Sleep Apnea Takes Toll on Brain
A new study shows that people with sleep apnea show significant changes in the levels of two important brain chemicals.
This could be the reason so many people with sleep apnea — a disorder in which a person’s breathing is frequently interrupted during sleep, as many as 30 times an hour — report problems with thinking, such as poor concentration, difficulty with memory and decision-making, depression and stress.
Researchers at the University of California Los Angeles School of Nursing looked at levels of the neurotransmitters glutamate and gamma-aminobutyric acid, known as GABA, in a brain region called the insula. This area integrates signals from higher brain regions to regulate emotion, thinking, and physical functions, such as blood pressure and perspiration.
They found that people with sleep apnea had decreased levels of GABA and unusually high levels of glutamate.
GABA is a chemical messenger that acts as an inhibitor in the brain, which can slow things down and help keep people calm. It affects mood and helps make endorphins, researchers explain.
Glutamate, by contrast, is like an accelerator. When glutamate levels are high, the brain is working in a state of stress, and consequently doesn’t function as effectively. High levels of glutamate can also be toxic to nerves and neurons, the researchers noted.
“In previous studies, we’ve seen structural changes in the brain due to sleep apnea, but in this study we actually found substantial differences in these two chemicals that influence how the brain is working,” said Dr. Paul Macey, the lead researcher on the study and an associate professor at the University of California, Los Angeles School of Nursing.
Macey said the researchers were taken aback by the differences in the GABA and glutamate levels.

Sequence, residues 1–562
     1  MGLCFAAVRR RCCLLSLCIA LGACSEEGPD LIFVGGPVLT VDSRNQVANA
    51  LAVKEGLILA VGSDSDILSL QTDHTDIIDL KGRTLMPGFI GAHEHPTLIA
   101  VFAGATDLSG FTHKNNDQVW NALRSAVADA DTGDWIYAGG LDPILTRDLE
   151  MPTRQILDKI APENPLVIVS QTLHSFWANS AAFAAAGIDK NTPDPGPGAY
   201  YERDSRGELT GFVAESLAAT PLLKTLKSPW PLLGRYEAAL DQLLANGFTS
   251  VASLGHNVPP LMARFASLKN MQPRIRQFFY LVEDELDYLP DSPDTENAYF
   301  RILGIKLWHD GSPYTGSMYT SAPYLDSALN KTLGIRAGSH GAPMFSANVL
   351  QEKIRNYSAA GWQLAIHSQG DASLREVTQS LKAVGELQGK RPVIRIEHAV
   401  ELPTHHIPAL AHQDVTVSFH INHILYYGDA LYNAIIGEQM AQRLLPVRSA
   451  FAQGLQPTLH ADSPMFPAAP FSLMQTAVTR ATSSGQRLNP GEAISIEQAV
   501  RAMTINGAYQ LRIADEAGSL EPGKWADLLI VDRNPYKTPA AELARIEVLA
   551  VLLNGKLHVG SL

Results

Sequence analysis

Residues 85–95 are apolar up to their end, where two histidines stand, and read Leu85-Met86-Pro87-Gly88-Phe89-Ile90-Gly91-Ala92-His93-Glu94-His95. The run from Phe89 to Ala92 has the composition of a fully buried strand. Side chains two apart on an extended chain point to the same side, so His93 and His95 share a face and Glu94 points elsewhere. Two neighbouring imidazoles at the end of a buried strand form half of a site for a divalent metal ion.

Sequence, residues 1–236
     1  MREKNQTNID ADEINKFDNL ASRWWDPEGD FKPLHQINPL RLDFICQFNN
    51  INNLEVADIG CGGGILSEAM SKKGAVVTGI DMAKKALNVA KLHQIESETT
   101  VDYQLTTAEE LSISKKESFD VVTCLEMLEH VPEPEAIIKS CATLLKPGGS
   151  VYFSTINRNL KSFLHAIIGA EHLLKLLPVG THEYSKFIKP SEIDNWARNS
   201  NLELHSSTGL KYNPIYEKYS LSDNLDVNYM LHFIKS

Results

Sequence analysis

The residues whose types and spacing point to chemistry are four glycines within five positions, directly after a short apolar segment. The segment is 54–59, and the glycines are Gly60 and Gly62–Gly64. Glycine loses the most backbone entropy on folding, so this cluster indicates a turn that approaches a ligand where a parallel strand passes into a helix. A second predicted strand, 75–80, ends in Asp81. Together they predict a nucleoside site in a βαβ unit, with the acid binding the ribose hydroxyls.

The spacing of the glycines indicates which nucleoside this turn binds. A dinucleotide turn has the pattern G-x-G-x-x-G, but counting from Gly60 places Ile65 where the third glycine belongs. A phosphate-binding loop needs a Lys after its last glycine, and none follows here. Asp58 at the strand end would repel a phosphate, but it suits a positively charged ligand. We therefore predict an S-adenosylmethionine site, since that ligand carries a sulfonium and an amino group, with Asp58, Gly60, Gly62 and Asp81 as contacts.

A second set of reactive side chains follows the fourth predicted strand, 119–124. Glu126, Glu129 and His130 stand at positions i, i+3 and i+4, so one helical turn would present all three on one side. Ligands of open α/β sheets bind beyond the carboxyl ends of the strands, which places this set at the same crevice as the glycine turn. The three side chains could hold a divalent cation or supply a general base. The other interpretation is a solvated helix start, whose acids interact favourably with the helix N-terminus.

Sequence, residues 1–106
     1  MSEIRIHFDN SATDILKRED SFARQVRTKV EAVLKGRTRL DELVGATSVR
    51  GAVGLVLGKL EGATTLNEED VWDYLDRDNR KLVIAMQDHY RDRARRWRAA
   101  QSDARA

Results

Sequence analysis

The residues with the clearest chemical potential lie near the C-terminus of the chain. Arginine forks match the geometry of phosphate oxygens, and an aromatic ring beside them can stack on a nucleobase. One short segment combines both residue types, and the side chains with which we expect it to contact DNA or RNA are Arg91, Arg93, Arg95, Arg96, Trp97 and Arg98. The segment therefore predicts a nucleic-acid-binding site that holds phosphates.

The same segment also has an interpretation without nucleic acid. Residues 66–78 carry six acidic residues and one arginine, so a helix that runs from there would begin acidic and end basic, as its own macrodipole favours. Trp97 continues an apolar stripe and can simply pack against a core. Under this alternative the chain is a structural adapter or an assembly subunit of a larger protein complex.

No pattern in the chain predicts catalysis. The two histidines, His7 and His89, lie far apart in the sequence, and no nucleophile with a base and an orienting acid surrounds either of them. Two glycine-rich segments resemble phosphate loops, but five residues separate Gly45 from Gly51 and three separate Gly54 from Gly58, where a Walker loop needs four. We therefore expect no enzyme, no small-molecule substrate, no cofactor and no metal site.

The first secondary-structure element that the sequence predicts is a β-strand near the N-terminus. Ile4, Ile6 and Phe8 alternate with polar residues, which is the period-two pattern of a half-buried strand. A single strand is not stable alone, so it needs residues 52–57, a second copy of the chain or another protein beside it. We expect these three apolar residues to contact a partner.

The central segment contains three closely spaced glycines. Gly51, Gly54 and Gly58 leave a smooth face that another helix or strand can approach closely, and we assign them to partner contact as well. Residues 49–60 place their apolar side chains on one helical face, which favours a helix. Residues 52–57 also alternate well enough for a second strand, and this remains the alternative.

“It is rare to have this size of difference in biological measures,” he said. “We expected an increase in the glutamate, because it is a chemical that causes damage in high doses and we have already seen brain damage from sleep apnea. What we were surprised to see was the drop in GABA. That made us realize that there must be a reorganization of how the brain is working.”
He added that the study’s results are actually encouraging.
“In contrast with damage, if something is working differently, we can potentially fix it,” he said.
“What comes with sleep apnea are these changes in the brain, so in addition to prescribing continuous positive airway pressure, or CPAP, physicians now know to pay attention to helping their patients who have these other symptoms,” he continued. “Stress, concentration, memory loss — these are the things people want fixed.”
A CPAP machine helps an individual sleep easier, and is considered the gold standard treatment for sleep disturbance.
In future studies, the researchers said they hope to determine whether treating sleep apnea using CPAP or other methods returns patients’ brain chemicals back to normal levels.
If not, they will turn to the question of what treatments could be more effective. The researchers said they are also studying the impacts of mindfulness exercises to see if they can reduce glutamate levels by calming the brain.
The study, conducted at the University of California, Los Angeles Sleep Disorder Center, was published in the Journal of Sleep Research.
Wood, J. (2016). Sleep Apnea Takes Toll on Brain. Psych Central. Retrieved on February 22, 2017, from https://psychcentral.com/news/2016/02/14/sleep-apnea-takes-toll-on-brain/99049.html